The team also took advantage of the GPS measurements to compare the accuracy of a Navigated GPS solution compared to the Computed result. Being close to the equator there was good GPS satellite coverage thought the expedition and the results showed that the Navigated positions made with the Leica SR530 receivers were within 5 metres of the computed position in plan and 10 metres in height, although the majority were within 5 metres in height, whilst the Navigated positions provided by the small hand held Garmin eTrex receivers were within 15 metres in plan, but up to 75 metres different in height.
Creating Awareness of Surveying
The Young Explorers benefited from using modern sophisticated Leica Geosystems surveying equipment. This was offset by introducing them to Plane Table surveying around the camp to show them the basic principals of making a map and how errors were easily made if care was not taken with setting up and orientation.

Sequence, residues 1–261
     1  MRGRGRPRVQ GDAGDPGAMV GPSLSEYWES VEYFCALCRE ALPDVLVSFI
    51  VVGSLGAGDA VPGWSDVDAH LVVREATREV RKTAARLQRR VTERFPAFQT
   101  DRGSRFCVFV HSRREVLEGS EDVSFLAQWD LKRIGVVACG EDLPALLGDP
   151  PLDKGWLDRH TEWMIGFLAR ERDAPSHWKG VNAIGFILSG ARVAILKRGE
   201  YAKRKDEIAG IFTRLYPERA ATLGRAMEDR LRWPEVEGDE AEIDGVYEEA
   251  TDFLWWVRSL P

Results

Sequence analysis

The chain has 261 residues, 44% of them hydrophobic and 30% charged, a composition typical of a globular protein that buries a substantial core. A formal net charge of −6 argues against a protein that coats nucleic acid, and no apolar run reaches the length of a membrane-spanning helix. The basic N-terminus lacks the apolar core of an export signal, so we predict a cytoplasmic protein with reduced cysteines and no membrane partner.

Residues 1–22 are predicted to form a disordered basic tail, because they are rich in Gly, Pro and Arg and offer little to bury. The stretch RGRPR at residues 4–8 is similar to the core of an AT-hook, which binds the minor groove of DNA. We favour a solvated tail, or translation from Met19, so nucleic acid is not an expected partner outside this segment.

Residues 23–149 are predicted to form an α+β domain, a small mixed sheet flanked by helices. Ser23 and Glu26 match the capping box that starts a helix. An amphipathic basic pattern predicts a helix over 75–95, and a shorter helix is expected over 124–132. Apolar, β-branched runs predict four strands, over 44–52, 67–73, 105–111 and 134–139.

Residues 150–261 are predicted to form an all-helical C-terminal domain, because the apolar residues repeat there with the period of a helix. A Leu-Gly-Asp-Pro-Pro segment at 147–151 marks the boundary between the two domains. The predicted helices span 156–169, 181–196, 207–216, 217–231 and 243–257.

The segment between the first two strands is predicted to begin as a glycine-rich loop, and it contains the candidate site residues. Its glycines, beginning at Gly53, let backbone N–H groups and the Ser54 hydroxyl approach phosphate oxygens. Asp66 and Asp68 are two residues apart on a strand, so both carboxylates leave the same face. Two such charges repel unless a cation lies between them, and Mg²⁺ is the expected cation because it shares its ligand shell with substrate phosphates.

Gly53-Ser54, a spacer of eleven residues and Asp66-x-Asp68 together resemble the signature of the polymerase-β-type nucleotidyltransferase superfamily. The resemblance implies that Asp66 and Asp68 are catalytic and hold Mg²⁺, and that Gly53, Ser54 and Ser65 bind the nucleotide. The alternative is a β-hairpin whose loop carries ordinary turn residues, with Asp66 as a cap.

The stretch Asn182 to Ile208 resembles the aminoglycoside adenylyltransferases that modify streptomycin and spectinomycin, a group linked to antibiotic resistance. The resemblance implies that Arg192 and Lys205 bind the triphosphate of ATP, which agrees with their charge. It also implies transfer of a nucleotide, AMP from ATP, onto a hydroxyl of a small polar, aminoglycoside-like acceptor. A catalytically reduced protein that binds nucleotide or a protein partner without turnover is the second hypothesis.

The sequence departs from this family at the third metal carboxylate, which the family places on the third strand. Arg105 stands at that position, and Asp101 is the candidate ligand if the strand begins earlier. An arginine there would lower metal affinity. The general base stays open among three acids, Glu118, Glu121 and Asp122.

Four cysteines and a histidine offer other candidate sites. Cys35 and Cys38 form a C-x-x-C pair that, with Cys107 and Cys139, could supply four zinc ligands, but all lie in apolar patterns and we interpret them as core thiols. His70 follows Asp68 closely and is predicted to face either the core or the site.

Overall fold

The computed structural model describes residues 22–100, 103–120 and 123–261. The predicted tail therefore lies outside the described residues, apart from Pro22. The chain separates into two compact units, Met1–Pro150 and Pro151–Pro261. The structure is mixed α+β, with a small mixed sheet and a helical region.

The BES expedition to Tanzania was an opportunity to bring awareness of Surveying (Geomatics) to young people starting out in life and into their schools as many of the Young Explorers are now back at school completing their final year before going on to University. This type of activity, together with innovations such as Geomatics.org, which makes Surveying equipment, such as Leica levels, available to Schools and to BES Expeditions during the summer months, will bring our profession to the attention of young minds. This safari will be deeply embedded in the minds and remembered fondly, by those that took part, for the rest of their lives.
Published in the Leica Reporter 52 in December 2004